The Sporting News, known as 'the Bible of baseball" for its massive coverage of professional baseball teams, with complete statistics and weekly "letters" from a group of correspondents across the country, came to accept other sports the way baseball came to accept African-Americans very slowly.

The rest of this article is only available to active members of Questia

Sign up now for a free, 1-day trial and receive full access to:

  • Questia's entire collection
  • Automatic bibliography creation
  • More helpful research tools like notes, citations, and highlights
  • Ad-free environment

Already a member? Log in now.

Notes for this article

Add a new note
If you are trying to select text to create highlights or citations, remember that you must now click or tap on the first word, and then click or tap on the last word.
One moment ...
Project items

Items saved from this article

This article has been saved
Highlights (0)
Some of your highlights are legacy items.

Highlights saved before July 30, 2012 will not be displayed on their respective source pages.

You can easily re-create the highlights by opening the book page or article, selecting the text, and clicking “Highlight.”

Citations (0)
Some of your citations are legacy items.

Any citation created before July 30, 2012 will labeled as a “Cited page.” New citations will be saved as cited passages, pages or articles.

We also added the ability to view new citations from your projects or the book or article where you created them.

Notes (0)
Bookmarks (0)

You have no saved items from this article

Project items include:
  • Saved book/article
  • Highlights
  • Quotes/citations
  • Notes
  • Bookmarks
Cite this article

Cited article

Citations are available only to our active members.
Sign up now to cite pages or passages in MLA, APA and Chicago citation styles.

(Einhorn, 1992, p. 25)

(Einhorn 25)


1. Lois J. Einhorn, Abraham Lincoln, the Orator: Penetrating the Lincoln Legend (Westport, CT: Greenwood Press, 1992), 25,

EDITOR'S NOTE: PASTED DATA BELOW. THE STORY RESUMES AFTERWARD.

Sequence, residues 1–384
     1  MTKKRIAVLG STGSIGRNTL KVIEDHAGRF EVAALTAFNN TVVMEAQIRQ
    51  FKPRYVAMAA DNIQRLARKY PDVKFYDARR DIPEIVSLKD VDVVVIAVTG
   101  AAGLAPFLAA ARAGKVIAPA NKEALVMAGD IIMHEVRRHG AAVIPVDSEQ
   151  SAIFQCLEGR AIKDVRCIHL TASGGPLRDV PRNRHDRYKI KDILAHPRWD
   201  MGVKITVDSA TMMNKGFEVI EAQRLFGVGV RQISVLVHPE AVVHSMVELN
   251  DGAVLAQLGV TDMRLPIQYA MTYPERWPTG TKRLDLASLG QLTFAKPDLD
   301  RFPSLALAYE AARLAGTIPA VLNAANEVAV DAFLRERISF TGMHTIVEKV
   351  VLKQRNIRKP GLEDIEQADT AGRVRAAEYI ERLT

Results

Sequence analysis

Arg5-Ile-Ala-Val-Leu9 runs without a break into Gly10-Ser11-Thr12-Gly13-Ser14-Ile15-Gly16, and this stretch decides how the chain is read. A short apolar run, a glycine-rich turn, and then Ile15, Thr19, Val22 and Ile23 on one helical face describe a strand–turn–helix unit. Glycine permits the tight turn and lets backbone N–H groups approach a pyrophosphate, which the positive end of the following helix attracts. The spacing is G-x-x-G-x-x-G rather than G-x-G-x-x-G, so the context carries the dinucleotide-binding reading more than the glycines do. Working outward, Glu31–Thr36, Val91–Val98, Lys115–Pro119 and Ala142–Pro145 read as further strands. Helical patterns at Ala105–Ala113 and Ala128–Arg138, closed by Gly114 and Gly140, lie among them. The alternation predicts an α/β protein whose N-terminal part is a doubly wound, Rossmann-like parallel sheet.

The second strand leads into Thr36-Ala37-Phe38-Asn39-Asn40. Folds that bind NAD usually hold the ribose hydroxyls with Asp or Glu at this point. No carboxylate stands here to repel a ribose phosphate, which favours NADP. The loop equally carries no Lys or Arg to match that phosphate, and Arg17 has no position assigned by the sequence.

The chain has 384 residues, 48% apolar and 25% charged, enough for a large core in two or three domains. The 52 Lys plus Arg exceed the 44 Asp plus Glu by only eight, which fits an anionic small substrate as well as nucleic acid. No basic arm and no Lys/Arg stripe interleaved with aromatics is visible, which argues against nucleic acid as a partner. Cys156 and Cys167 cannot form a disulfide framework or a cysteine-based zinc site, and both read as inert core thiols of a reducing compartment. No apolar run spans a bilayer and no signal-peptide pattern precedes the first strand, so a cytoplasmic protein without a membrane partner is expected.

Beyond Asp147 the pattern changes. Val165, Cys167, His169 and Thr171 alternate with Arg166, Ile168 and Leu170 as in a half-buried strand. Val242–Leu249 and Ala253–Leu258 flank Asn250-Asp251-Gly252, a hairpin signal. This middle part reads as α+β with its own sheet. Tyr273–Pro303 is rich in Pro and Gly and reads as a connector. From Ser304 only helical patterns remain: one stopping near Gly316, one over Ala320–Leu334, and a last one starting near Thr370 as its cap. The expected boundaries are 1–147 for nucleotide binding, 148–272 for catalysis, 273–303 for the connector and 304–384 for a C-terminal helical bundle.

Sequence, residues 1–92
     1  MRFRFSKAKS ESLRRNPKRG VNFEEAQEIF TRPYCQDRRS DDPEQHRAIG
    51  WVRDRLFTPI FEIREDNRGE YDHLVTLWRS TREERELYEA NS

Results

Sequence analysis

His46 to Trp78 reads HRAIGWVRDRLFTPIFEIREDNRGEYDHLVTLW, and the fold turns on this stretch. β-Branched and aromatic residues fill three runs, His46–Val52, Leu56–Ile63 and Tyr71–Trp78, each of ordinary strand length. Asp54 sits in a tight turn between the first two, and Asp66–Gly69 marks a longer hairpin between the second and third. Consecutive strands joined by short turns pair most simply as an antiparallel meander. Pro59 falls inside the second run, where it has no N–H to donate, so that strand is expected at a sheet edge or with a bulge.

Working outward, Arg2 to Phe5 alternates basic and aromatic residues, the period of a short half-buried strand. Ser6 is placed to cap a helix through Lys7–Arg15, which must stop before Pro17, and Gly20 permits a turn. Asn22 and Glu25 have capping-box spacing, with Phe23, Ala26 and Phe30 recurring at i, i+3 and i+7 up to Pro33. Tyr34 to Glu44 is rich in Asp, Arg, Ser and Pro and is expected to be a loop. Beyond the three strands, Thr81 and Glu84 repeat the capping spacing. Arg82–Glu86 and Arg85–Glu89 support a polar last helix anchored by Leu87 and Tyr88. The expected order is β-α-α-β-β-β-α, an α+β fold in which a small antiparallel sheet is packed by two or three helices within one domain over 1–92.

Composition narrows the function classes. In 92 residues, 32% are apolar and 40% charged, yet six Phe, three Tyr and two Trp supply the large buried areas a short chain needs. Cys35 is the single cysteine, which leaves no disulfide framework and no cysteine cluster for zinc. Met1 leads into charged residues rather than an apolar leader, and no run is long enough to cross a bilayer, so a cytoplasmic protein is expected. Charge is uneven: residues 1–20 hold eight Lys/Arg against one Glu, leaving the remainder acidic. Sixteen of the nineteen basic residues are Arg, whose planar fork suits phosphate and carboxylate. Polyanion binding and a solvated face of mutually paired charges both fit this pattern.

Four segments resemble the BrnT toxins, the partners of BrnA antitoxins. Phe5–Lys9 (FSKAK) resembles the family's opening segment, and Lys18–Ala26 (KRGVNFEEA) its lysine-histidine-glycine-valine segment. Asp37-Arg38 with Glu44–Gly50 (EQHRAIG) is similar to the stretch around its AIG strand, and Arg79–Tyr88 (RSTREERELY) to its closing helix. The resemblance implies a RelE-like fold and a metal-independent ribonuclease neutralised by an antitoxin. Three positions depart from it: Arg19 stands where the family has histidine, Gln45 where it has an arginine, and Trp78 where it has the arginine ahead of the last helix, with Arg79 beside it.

Cited article

Sale of Sporting News Sparks Memories


Text size Smaller Larger
Search within

Search within this article

Look up

Look up a word

  • Dictionary
  • Thesaurus
Please submit a word or phrase above.
Print this page

Print this page

Why can't I print more than one page at a time?

Full screen

matching results for page

Cited passage

Citations are available only to our active members.
Sign up now to cite pages or passages in MLA, APA and Chicago citation styles.

"Portraying himself as an honest, ordinary person helped Lincoln identify with his audiences." (Einhorn, 1992, p. 25).

"Portraying himself as an honest, ordinary person helped Lincoln identify with his audiences." (Einhorn 25)

"Portraying himself as an honest, ordinary person helped Lincoln identify with his audiences."1

1. Lois J. Einhorn, Abraham Lincoln, the Orator: Penetrating the Lincoln Legend (Westport, CT: Greenwood Press, 1992), 25,

Cited passage

Welcome to the new Questia Reader

The Questia Reader has been updated to provide you with an even better online reading experience.  It is now 100% Responsive, which means you can read our books and articles on any sized device you wish.  All of your favorite tools like notes, highlights, and citations are still here, but the way you select text has been updated to be easier to use, especially on touchscreen devices.  Here's how:

1. Click or tap the first word you want to select.
2. Click or tap the last word you want to select.

OK, got it!

Thanks for trying Questia!

Please continue trying out our research tools, but please note, full functionality is available only to our active members.

Your work will be lost once you leave this Web page.

For full access in an ad-free environment, sign up now for a FREE, 1-day trial.

Already a member? Log in now.